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George Bynum, a patient of Manhattan psychiatrist Dr. Sam Rice, is brutally murdered. Soon afterward, Dr. Rice is visited by Bynum's co-worker and mistress Brooke Reynolds and by the investigating officer Detective Vitucci. As Dr. Rice reviews the case notes on his sessions with Bynum, he starts his own investigation. At the same time, he finds himself falling for enigmatic blonde Brooke, despite her increasingly suspicious behavior. The closer Rice comes to the truth, the more he puts his own life in danger... Written by
Doctor Sam Rice:
Now listen to me! On account of you, I'm an accessory to something. I don't know what! I'm withholding evidence. I'm obstructing justice. I'm gonna get my license revoked if I'm not thrown into jail first. And on top of that, I've just spent fifteen thousand dollars for a painting I don't even like!
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(Minor Spoilers) Director Robert Benton borrows from at least seven Alfred Hitchcock films: Spellbound (1945) Rear Window (1954) Vertigo (1958)North by Northwest (1959) Psycho (1960) The Birds (1963) and Marnie (1964) and comes up with a pretty fair Hitchcockian thriller of his own in "Still of the Night".
The film centers on Brooke Reynolds, Meryl Streep, an antique dealer at the Crispin Antique & Auction House in New York City. Brooke's fellow dealer and lover George Bynum, Josef Sommer, was found murdered the night before and he was a patient of Dr. Sam Rice, Roy Scheider, his psychiatrist who she went to see to give him a watch that George left in her apartment.
Brooke wants Dr. Rice to give the watch back to George's wife in order for her not to find out that she was having an affair with him. Dr. Rice agrees to return it to Mrs. Bynum but can't get over the alluring and beautiful Brooke and slowly falls in love with her which gets him involved with his dead patient and Brooke's lover George. Dr. Rice is trying to get over an failed marriage himself and Brooke coming into his life at this important time seems to be just the right medicine for him but it's the baggage that she carries with her, her lovers murder, that puts him in danger as well as Brooke herself.
"Still of the Night" is a very stylish thriller with almost no action at all until the final scene and thats what makes the movie work. Roy Scheider is perfect as the meek and troubled psychiatrist Dr. Sam Rice who takes it upon himself to solve his patients murder as he falls in love with Brooke who may have had something to do with it.
The usually two-fisted and tough Roy Scheider is very good as the withdrawn and inoffensive Dr. Sam Rice who's driven to solve George's murder in order to clear Brooke from being blamed for it which seems to be what's being made to happen by George's killer. Dr. Rice is also somewhat of a mama's boy with his psychiatrist mom Grace, Jessica Tandy, giving him advice on his breakup with his wife and the solving of George's murder.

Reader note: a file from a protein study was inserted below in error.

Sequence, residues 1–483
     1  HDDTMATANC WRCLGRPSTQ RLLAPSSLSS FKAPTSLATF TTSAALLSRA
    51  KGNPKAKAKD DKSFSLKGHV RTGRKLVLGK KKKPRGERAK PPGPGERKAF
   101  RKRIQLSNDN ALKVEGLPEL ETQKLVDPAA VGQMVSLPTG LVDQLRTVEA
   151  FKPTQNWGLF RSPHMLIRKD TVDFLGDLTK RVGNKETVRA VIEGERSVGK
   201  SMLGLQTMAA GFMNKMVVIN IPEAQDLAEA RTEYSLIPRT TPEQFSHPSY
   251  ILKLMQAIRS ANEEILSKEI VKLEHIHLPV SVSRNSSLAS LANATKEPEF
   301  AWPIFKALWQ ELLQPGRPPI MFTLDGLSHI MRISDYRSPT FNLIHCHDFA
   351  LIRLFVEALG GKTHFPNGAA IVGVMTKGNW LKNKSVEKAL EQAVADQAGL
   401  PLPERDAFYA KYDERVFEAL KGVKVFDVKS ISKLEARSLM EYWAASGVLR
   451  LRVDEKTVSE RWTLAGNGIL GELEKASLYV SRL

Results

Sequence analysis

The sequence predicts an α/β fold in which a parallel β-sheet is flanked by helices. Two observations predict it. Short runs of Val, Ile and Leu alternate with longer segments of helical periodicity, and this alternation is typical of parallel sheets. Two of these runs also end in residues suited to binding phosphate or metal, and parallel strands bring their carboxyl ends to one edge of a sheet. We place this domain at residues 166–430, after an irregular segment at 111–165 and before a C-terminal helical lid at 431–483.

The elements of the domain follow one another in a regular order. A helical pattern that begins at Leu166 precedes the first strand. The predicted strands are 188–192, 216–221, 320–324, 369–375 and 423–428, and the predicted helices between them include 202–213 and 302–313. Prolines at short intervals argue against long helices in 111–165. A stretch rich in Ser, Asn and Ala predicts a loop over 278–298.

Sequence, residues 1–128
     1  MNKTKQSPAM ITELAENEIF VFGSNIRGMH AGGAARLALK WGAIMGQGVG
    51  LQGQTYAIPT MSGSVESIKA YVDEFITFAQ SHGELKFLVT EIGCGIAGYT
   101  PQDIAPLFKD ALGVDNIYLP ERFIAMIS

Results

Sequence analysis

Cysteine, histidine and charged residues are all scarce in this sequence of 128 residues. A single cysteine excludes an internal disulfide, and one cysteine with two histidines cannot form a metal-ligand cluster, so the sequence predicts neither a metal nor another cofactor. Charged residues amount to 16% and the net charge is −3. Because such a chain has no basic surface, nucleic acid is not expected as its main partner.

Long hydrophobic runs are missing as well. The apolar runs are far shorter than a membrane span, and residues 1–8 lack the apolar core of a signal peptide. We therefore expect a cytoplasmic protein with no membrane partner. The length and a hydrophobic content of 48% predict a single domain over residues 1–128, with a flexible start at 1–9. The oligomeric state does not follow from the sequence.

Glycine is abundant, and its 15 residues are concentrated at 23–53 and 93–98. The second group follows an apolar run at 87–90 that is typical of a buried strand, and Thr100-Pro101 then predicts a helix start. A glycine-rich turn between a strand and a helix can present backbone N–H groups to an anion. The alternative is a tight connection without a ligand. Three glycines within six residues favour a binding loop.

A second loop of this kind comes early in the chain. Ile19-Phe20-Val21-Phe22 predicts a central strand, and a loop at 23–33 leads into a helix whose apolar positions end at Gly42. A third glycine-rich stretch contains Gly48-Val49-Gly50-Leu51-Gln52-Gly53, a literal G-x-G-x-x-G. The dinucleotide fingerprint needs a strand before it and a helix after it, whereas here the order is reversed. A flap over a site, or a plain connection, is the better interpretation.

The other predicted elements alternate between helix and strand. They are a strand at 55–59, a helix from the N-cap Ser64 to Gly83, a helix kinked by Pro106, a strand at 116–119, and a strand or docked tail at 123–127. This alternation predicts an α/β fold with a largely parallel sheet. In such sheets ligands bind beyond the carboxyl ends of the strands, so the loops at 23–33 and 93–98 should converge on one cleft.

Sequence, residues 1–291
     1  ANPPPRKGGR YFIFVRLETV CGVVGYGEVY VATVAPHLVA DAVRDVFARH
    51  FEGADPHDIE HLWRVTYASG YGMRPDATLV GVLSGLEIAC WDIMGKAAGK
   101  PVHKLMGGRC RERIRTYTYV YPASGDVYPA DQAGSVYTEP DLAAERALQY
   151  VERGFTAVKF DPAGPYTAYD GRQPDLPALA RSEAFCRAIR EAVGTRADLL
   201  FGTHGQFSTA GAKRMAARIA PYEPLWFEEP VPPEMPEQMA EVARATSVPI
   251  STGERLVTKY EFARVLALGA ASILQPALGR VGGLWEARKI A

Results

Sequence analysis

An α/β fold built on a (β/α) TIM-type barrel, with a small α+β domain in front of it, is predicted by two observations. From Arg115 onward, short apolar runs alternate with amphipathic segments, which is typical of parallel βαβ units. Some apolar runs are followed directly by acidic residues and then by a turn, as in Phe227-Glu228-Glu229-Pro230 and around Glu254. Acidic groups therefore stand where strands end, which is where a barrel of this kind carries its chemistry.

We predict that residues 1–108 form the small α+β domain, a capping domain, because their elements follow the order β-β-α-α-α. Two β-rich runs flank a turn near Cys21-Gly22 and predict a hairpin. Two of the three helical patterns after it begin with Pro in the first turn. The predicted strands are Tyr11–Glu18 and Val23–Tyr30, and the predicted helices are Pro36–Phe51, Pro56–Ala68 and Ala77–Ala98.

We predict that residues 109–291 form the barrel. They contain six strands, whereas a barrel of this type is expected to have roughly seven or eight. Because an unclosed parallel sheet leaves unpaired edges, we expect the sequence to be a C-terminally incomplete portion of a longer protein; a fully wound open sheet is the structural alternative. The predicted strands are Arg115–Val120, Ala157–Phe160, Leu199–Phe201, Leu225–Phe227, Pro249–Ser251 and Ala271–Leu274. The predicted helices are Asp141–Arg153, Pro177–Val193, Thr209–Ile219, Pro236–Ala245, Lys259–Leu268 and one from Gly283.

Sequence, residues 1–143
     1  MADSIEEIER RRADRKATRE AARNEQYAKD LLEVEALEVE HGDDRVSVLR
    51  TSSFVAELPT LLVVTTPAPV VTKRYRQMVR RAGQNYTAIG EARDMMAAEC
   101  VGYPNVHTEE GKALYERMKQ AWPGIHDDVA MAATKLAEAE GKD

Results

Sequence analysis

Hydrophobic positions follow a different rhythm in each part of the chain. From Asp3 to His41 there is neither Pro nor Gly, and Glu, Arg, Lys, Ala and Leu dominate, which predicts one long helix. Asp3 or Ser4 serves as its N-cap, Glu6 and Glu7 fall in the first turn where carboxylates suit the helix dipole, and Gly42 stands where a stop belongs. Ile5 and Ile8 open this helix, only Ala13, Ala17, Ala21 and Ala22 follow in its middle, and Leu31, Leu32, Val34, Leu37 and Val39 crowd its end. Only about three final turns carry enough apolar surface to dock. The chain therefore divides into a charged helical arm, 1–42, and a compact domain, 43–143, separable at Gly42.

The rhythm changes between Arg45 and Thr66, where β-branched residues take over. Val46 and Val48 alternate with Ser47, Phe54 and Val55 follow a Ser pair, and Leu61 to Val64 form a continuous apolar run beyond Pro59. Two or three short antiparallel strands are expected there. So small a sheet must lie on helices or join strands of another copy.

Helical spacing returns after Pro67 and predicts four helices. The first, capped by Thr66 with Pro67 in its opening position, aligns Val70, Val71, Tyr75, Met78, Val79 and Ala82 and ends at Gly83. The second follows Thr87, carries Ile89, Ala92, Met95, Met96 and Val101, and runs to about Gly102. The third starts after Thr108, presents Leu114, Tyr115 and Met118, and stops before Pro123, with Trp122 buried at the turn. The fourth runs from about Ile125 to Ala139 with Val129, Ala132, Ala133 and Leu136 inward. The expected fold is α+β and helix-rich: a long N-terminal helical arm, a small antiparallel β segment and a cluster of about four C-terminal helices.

There's a very good dream sequence in the movie "Still of the Night" much like the one in "Spellbound" that bring out what was really going on between George & Brooke as well as Brooke's dark secret that the killer somehow found out about and was using it to set up and implicate Brooke for George's murder.
Meryl Streep who's known more for being an excellent Academy Award winning actress then a beauty queen was never more beautiful as well as classy as Brooke Reynolds the mystery woman with a secret who knew much more then what she lead Dr. Rice to believe. Miss. Streep is such a turn-on in the film that even with all her clothes on she had more sex appeal then both Britney Spear and Madonna put together with their clothes off. In fact the only scene that Meryl Streep was nude had nothing to do with her affair with Dr. Rice but when he came to her apartment and was startled to find her getting a rub-down from her masseur Mr. Chang, Hyon Cho; WHAT A LUCKY GUY HE IS.
"Still of the Night" turned off a lot of movie viewers because of it's slow pace and lack of any steamy scenes between Dr. Rice and Brooke Reynolds as well as it's almost total lack of action until the very last minutes of the movie. But it substituted all that with a well thought out story and as for the lack of sex thats exactly what made the movie, or better yet Brooke Reynold, so sexy. Brooke was so gorgeous that she came across as being almost untouchable and rightly so. A woman as attractive as her should only be looked upon with awe and admiration and not be manhandled; at least until the lights are turned off.
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